On  Feb. 5, 2015, the Maury County Sheriff’s Dept. Drug Task Force, obtained a warrant to search Ms. Tonya Feron’s home, in which Mitchell shields and his family were living. That warrant was actually obtained based on false information. The information for the warrant came from a phone call between Mitchell Shields and his friend Bill, who is in prison near Memphis Tennessee. In the conversation, Bill spoke hypothetically about having Mitchell give somebody marijuana to sneak into the jail for him. Mitchell obviously said no. The cops must have been thinking they were talking in code. And took this information to Maury county so they could get a search warrant for the house, in which Mitchell and his family lived in, in hopes to find a large amount of marijuana. They tore the house up to find nothing but personal hallucinogenic mushrooms, personal dabs, and personal marijuana. No more than 20g of marijuana was found, which isn’t what the warrant was for.

This upset the DTF (Drug Task Force) agent in charge, Bob Zadan, and he filed charges against everybody for the mushrooms and marijuana, as well as made up charges like the manufacturing and distribution of BHO, even though only a small amount of BHO was found in the house. They based this off of Mitchell owning two very small bottles of unrefined butane for lighter refills and dab wizard containers. Logan, their son, went home with George Shields, his grandfather. Mitchell and his family thought this was the end of it and they would just fight it and have the charges dropped.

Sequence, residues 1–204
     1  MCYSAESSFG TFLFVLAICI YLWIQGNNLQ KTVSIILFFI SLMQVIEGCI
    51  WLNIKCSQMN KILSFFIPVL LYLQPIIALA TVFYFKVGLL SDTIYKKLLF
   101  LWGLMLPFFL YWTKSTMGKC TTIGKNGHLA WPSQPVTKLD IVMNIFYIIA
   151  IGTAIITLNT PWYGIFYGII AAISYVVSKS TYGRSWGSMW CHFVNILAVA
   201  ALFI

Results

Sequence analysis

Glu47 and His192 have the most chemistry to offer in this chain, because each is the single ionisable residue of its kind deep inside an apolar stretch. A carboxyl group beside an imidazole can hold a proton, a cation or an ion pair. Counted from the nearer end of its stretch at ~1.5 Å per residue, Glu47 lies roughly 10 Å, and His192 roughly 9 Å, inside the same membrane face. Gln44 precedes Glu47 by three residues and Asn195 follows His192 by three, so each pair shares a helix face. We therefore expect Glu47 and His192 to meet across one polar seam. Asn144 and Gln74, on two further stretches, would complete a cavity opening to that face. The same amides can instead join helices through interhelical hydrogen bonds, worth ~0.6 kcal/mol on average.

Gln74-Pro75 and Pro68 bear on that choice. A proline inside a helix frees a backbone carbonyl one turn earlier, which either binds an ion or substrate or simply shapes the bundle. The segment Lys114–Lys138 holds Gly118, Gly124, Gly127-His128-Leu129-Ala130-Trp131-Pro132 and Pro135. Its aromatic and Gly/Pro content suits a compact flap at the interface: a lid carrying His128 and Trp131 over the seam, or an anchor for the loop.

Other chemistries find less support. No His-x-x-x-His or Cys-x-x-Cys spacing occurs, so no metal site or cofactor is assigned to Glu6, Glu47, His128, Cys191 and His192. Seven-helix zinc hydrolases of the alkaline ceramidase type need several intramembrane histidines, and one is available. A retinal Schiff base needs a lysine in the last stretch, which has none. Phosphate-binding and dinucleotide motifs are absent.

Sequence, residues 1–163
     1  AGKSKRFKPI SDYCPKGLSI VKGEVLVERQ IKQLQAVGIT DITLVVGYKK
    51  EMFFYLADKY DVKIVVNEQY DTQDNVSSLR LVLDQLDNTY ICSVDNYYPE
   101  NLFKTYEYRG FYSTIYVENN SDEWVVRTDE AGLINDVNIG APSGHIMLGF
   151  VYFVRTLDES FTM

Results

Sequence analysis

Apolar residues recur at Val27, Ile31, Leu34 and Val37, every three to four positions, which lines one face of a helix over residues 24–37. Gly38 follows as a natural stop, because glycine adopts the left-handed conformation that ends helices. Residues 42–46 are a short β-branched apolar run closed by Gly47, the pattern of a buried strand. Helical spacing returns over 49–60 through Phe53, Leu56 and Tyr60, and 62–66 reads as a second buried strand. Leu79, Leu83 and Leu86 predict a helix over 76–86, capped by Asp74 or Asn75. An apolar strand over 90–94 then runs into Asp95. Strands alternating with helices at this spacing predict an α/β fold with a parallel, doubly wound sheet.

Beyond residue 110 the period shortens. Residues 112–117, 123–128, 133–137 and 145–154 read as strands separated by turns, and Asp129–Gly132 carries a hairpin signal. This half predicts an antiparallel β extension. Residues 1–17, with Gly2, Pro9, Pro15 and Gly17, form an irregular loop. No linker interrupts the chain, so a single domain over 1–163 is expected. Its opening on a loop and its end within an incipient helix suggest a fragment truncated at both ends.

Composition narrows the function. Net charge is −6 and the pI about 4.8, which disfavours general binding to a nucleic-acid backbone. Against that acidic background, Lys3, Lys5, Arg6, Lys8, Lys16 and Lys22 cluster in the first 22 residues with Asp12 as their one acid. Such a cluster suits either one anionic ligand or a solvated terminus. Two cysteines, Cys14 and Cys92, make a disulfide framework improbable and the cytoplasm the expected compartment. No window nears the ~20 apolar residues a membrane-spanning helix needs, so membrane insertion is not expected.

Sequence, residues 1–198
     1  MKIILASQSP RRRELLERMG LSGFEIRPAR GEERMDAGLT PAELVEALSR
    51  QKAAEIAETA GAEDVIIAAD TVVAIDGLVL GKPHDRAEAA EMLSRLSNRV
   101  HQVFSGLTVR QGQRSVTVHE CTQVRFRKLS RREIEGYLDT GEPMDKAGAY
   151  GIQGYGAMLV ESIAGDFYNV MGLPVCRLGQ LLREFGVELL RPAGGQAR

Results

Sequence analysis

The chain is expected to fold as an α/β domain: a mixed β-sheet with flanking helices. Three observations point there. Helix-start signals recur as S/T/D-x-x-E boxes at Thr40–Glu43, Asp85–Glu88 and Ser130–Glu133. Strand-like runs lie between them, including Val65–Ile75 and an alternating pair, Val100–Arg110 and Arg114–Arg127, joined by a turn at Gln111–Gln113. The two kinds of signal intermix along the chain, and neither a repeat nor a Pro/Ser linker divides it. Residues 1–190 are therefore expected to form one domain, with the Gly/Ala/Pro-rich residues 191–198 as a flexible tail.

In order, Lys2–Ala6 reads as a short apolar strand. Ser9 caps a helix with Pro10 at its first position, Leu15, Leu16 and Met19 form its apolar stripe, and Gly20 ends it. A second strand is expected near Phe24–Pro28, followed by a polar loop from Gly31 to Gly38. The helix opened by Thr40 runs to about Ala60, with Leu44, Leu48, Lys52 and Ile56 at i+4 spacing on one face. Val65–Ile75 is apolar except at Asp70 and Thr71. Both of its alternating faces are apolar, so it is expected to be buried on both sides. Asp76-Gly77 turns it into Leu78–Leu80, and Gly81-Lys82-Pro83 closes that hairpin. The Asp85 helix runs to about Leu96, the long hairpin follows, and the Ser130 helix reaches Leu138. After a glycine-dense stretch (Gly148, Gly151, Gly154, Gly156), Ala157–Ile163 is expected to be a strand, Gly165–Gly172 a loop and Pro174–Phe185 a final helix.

In reality, it was just the beginning. On Feb 20 2015, the Maury County Sheriff’s Dept. DTF showed up at Ms. Tonya Feron’s house again, but this time with no warrant. They showed up with Sarah’s probation officer for a “routine” home check. Agent Zadan orchestrated the entire ordeal intentionally in order to steal their son. They brought an agent with them from the Tennessee Dept. of Children’s Services. After they showed up, they destroyed Sarah and Mitchell’s room, and stole almost $6,000 from George Shields’ lock box that he had taken out of his jeep to keep with Sarah in her room, in case she needed it. They even stole George’s pistol that he let Sarah hold onto, which she is legally allowed to own, and illegally searched his truck that was in the yard without his permission.

They found nothing besides George’s money and pistol in the house, but they still re-arrested Sarah and her mother saying they had a warrant for Ms. Tonya and Sarah. While Sarah attempted to inform her mother of her rights another agent told her to shut up and stop playing lawyer. When Sarah went to call George so he could get Logan (protocol is to give the child to the next of kin), agent Zadan snatched her phone and not one officer or agent would call George for her. They took Ms. Tonya and Sarah to the jail. Ms. Tonya was interrogated for three hours and waited even longer to be booked, because there was no such arrest warrant for her. They had to get an arrest warrant while at the jail, so they could hold her. The initial arrest was illegal. They also stole both Sarah’s cell phones and Tonyas cell phone, neither of which are logged into evidence. They did this just so Ms. Tonya could not take Logan home. Logan is now in the hands of a foster family and his parents aren’t even allowed to see him.